The State ought to demand from the leader of the Labour Party a clear understanding as to what is going to be the attitude of the labourers whom he pleads for, and whom he says ought to be given some work to keep them from a state of starvation. The pressure in that respect from his side is all right, and his demand is a proper one; but there are always two sides to every account, as far as I understand bookkeeping methods, and we cannot put on one side an extra £100,000 without having it balanced in the matter of value from the point of view of work received. In certain circumstances it is perfectly reasonable that £100,000 should be spent in order to alleviate starvation in the country. We ought to demand, however, on behalf of the State, that in return for the £100,000 we should get good value, fair and honourable value. The money ought not to be voted by the Dáil without having some obligation on the part of those towards whom it is voted. We are bound in the interests of the State to ask Deputy Johnson, the leader of the Labour Party, to let us know concisely what value we are going to get if this money is voted. That is only a reasonable demand. It means, in other words, that we are seeking a proper day's work for a proper day's pay.

Will the Deputy say precisely what he is driving at?

Exactly. I will tell you what I am driving at. I never conceal my thoughts from anybody.

More profits you want.

I do not conceal my thoughts from anybody, even Deputy Johnson. What I am driving at is that when employment is given, the work is not done satisfactorily. I am asking now, in absolutely clear language, that there must be some guarantee that if a day's labour has to be paid for, a good day's work ought to be given in return. I hope that is as clear as possible.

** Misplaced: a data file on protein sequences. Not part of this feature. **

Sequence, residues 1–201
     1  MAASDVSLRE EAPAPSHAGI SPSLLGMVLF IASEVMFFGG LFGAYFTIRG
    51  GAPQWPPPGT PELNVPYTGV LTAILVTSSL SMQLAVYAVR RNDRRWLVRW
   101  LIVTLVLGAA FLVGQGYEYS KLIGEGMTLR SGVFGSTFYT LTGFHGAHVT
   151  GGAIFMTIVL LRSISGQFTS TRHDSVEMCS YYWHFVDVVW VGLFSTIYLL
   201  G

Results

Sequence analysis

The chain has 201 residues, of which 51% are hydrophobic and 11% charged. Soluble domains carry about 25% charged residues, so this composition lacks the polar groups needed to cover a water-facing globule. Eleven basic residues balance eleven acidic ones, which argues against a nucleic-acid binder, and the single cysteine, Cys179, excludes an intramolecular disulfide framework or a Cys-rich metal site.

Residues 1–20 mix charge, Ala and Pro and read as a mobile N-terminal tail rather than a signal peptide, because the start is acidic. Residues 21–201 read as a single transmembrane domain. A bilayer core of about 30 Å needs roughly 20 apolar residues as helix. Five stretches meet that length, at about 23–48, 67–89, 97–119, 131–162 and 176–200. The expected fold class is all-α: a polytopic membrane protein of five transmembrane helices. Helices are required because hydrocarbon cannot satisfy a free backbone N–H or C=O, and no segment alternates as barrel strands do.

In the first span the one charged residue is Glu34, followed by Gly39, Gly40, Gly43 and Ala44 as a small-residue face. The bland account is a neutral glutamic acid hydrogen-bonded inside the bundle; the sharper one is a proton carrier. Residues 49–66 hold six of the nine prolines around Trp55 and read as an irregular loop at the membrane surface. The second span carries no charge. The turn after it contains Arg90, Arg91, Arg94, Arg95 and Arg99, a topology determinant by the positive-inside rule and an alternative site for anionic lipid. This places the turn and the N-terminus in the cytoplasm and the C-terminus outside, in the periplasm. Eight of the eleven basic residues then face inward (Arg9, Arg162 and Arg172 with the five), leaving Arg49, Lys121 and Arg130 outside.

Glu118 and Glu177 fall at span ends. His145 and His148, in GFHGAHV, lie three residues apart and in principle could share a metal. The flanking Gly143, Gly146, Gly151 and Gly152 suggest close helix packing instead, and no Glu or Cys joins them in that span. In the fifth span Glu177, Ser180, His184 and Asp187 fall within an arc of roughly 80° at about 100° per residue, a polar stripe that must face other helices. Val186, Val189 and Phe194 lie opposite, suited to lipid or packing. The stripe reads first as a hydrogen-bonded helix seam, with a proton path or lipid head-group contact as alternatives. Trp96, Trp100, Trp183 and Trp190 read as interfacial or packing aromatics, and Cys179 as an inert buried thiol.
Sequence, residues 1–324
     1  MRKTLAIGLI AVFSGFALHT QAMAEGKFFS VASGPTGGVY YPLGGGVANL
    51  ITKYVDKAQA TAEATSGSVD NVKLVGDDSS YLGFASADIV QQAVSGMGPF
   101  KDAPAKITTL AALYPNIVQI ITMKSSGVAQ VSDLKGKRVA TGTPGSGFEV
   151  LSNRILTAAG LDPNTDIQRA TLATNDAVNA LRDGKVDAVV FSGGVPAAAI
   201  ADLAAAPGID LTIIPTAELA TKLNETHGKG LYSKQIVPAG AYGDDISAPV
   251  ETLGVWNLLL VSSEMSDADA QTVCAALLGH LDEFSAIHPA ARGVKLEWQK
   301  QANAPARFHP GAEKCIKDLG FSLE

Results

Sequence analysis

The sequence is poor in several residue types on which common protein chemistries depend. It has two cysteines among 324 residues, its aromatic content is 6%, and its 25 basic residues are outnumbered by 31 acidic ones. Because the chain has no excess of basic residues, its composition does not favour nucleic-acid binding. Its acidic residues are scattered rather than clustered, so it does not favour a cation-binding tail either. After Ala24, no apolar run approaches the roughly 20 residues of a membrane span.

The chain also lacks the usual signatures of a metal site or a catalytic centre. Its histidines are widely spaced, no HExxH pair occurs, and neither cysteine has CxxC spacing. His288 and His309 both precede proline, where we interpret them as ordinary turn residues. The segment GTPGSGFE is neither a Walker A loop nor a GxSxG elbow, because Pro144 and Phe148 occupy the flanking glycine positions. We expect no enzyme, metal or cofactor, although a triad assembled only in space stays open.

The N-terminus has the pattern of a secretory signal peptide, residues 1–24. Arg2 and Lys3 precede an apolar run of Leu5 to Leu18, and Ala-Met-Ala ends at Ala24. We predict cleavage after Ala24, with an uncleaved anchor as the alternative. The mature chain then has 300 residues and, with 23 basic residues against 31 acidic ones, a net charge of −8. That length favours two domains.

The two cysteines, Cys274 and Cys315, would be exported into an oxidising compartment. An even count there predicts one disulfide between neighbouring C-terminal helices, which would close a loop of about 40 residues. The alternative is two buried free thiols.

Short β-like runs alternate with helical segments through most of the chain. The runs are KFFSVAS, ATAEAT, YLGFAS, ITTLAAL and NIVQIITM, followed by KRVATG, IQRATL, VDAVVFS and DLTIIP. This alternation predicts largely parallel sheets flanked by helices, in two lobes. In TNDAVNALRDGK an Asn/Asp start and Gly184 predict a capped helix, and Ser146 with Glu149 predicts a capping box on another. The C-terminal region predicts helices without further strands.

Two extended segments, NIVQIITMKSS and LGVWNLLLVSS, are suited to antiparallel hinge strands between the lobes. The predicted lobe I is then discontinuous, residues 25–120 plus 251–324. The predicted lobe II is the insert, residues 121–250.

Can the Deputy produce any proofs of where that has not been carried out?

I beg your pardon?

Where has that not been done?

I may tell you that where work has been done it has not always been sufficiently done. We just ask that it should be.

More profits.

All we ask from Deputy Johnson, as the Labour leader, is to give some guarantee that we will get full value in the matter of work for whatever is paid.

The capitalistic brewer is speaking now.

Big profits for all time on the beer.

Is Deputy Beamish insinuating anything?

No, I am not insinuating.

What is the Deputy's argument?

The capitalistic brewer's argument.

We do not want that. That is stupid argument. I will bring forward my point despite any interruptions from the opposite Benches. A fair discussion is all I ask for. What we want, and what I am asking for, is a thing that has been, and is, in the mind of every employer in Ireland. That is, that the work given now is not a satisfactory day's work. The Labour Party well know that that has been the complaint, and there is no use in hiding it.

The brewers want more profits.

We have heard the argument from the Labour Benches. We consider, on our side, that a certain amount of money should be spent upon legitimate labour in order to keep labourers from starvation. That is a perfectly correct argument.

Is the Deputy insinuating anything, or accusing us of anything?

I am not insinuating anything at all. I am merely stating the facts.

Is the Deputy—let him candidly and straightforwardly say so —insinuating that the Labour Party, or the leader of the Labour Party, stands for a go-slow policy?